“Central to the subject is how the building operates as a vessel for the reformed liturgy, reconciling the visions of a modern architect and the traditions of his monastic patrons.”

Liturgical leaders

Beginning in the 1920s, St. John’s had become the American center of the liturgical movement due to the passionate efforts of its monks, notably Father Virgil Michel. The reform liturgy stressed the participation of the laity in the Mass, the use of the vernacular (the language of the people instead of Latin) and the repositioning of the altar so that the priest faced the people as he led them in prayer.

The result was that Breuer designed a worship space with no pillars blocking views and no seat more than 85 feet from the altar.abbey drawing interior

“This building project announced the Benedictines as leaders of liturgical reform within monasticism and confirmed Marcel Breuer’s position as one of the most innovative architects of the mid-century,” Young wrote.

“Their relationship was an architectural collaboration of the highest level. Knowledgeable clients carefully delivered a plan for reinvigorated worship and liturgy to a skillful architect, who sensitively shaped a space to support it.”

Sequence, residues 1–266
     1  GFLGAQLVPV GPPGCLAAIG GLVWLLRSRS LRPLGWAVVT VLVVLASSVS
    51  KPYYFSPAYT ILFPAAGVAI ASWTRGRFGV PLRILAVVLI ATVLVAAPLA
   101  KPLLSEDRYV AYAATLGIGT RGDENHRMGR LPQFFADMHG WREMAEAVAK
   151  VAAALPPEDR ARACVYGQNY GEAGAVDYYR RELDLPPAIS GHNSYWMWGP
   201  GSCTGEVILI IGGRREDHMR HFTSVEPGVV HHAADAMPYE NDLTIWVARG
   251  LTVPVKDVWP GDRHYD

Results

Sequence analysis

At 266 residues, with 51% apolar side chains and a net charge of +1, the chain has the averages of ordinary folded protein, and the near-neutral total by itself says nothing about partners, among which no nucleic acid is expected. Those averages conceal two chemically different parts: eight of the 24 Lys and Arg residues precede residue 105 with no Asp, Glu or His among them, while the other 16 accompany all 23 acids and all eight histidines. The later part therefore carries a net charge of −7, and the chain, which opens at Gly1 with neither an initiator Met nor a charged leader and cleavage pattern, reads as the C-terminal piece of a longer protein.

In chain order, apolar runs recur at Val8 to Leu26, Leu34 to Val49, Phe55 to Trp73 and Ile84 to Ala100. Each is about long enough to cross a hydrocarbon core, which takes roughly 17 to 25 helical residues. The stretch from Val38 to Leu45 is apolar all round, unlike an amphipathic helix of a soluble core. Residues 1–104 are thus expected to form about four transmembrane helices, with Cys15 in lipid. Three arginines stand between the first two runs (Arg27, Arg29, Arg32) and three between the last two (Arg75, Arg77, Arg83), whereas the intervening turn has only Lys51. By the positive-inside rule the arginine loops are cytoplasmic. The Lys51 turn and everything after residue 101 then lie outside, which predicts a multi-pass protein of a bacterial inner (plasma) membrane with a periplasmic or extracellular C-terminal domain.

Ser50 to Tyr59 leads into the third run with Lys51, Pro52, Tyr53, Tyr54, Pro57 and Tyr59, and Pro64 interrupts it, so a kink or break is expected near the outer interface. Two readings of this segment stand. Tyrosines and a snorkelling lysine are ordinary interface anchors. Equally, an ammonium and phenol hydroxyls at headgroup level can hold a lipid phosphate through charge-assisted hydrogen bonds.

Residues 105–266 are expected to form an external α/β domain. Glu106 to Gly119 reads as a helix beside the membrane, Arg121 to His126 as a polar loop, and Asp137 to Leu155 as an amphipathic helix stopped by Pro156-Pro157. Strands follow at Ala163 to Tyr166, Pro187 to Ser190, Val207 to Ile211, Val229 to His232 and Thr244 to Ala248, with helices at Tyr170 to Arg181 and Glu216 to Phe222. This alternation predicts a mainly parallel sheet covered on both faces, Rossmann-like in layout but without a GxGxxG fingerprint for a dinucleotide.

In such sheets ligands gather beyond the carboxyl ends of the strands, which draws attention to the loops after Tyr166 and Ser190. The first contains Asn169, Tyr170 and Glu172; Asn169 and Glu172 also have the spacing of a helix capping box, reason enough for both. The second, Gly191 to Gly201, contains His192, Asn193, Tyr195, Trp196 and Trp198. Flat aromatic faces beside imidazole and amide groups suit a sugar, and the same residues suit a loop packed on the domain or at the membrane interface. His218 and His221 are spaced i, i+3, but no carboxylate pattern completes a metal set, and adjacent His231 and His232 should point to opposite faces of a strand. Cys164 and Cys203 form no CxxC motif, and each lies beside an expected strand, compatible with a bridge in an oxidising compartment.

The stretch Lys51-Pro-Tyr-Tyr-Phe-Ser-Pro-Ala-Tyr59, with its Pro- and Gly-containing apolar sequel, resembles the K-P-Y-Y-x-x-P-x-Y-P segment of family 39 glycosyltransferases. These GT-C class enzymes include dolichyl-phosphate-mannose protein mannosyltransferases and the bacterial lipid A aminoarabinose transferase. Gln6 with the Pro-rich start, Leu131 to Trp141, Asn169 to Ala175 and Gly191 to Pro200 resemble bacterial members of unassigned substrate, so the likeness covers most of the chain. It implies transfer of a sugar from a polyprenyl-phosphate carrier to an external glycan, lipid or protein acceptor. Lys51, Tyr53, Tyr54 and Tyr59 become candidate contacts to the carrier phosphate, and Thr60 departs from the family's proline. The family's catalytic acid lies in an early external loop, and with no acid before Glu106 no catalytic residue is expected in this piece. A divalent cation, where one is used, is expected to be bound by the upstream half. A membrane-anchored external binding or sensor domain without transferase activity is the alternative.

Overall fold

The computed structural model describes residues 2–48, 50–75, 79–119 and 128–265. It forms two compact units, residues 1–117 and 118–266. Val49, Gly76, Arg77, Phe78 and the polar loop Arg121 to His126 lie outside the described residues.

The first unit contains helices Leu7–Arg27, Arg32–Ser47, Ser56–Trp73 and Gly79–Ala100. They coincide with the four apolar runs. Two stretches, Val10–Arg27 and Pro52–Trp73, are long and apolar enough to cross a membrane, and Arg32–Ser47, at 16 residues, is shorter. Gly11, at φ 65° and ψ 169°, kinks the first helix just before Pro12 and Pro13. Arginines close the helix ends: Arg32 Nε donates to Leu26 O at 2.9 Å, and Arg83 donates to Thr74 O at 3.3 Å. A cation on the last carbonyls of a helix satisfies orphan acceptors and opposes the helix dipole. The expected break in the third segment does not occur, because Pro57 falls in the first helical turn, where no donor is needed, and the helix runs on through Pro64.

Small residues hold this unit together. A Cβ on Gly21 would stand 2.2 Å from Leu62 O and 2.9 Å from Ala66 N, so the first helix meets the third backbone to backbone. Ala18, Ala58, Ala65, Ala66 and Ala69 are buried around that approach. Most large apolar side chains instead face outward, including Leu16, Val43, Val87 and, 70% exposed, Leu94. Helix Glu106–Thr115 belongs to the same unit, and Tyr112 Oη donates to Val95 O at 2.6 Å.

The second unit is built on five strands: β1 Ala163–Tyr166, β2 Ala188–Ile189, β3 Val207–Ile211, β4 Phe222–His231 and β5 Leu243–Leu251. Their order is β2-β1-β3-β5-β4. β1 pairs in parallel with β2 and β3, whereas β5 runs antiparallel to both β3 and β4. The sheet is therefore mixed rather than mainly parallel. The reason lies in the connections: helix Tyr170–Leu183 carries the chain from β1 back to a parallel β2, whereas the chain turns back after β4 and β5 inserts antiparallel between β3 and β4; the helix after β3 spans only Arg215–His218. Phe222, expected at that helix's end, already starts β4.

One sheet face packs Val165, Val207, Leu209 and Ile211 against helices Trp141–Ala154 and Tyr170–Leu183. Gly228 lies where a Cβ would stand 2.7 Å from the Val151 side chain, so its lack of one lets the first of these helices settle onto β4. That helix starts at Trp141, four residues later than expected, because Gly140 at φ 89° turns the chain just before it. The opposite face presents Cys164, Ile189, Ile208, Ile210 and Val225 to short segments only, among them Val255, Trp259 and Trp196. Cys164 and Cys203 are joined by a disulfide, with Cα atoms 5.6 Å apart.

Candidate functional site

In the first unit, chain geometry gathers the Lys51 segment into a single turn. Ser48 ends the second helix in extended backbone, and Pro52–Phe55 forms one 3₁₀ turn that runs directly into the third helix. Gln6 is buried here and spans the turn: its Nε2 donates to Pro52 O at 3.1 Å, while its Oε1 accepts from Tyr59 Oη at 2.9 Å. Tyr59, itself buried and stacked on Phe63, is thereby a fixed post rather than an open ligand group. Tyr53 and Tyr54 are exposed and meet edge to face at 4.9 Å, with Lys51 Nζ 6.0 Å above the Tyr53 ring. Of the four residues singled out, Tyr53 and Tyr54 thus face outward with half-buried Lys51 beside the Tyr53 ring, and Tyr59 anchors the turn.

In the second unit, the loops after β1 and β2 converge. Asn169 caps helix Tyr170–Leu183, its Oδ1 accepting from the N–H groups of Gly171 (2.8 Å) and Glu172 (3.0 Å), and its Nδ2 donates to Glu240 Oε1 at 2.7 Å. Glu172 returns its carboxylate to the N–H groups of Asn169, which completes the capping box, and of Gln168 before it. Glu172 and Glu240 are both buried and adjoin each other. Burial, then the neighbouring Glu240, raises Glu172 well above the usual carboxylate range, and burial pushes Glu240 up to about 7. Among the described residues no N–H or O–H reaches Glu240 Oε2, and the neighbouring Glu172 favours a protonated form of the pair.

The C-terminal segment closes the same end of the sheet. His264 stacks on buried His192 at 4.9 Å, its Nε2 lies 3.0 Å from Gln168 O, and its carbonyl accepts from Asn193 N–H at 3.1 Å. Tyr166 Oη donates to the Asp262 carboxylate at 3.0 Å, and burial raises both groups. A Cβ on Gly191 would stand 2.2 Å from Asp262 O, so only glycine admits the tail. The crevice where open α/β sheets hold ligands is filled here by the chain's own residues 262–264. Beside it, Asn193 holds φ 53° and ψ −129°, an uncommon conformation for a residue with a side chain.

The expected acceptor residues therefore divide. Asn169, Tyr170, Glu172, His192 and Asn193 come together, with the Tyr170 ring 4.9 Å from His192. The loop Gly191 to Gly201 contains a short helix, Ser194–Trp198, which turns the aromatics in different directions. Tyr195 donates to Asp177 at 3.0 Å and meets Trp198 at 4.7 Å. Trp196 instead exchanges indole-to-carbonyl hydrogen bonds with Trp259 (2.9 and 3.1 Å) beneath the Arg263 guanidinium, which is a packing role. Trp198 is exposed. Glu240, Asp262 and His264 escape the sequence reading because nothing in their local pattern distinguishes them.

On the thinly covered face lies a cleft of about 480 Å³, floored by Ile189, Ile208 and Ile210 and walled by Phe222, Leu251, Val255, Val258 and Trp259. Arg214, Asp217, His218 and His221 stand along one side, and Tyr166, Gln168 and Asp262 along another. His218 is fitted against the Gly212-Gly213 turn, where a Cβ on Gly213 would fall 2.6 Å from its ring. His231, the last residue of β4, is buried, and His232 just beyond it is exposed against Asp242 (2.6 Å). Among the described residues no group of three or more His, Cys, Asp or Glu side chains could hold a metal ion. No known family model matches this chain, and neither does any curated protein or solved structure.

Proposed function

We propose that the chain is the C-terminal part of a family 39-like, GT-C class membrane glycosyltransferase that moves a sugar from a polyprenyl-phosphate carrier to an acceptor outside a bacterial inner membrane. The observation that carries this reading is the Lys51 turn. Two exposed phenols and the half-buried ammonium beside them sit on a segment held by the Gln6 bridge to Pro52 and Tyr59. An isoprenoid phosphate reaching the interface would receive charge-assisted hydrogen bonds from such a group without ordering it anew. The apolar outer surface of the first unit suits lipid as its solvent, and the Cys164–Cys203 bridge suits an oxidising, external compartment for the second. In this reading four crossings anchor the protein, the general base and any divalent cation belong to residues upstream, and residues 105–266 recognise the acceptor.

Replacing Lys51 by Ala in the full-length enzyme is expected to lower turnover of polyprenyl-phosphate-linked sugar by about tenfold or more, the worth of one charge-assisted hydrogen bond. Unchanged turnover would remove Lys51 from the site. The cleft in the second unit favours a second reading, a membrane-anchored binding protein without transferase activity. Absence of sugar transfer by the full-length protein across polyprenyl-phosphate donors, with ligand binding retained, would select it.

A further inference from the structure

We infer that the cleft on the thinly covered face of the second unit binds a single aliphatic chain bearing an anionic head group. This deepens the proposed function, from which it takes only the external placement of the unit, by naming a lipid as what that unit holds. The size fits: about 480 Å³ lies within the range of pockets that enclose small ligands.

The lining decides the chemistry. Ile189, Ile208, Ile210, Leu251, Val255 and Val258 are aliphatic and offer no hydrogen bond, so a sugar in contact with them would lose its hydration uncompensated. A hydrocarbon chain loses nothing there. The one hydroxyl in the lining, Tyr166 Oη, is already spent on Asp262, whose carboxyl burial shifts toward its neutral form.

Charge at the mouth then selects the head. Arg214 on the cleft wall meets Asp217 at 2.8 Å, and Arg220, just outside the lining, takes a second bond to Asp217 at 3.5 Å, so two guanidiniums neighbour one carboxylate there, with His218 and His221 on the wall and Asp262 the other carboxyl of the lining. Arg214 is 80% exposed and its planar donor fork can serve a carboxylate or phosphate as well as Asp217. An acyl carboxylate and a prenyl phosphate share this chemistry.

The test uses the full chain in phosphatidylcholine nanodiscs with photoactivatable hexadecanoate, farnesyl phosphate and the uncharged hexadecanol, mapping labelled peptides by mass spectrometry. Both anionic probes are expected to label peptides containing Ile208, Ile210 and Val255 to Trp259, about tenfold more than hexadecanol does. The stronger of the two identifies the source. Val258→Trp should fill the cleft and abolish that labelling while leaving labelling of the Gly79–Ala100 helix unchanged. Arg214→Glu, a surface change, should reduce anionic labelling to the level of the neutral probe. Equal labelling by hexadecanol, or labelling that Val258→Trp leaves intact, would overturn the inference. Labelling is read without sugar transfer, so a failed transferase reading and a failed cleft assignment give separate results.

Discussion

With access to letters between Breuer and the monks and to the architect’s handwritten notes on drafts of the design plans, Young is able to answer questions such as why did the monks want Breuer, and why did Breuer want the job.

Ahead of the liturgical curve

With the project first beginning in 1953, construction started in 1958 and completed in 1961, the building of this modern worship space preceded the promulgation of the new liturgy by Pope Paul VI by several years.

“The Benedictines were looking beyond their history as they planned their church,” Young told The Catholic Spirit. “Both the monks and Breuer took a leap of faith.”

Although he was a well-regarded architect, Breuer had never designed a church, she said.

“Architects want to explore different things, different building types,” Young added. “Designing a church was really interesting to him.”

Breuer also liked the project because the commission was for a campus master plan. “He liked the scale of the project,” Young said.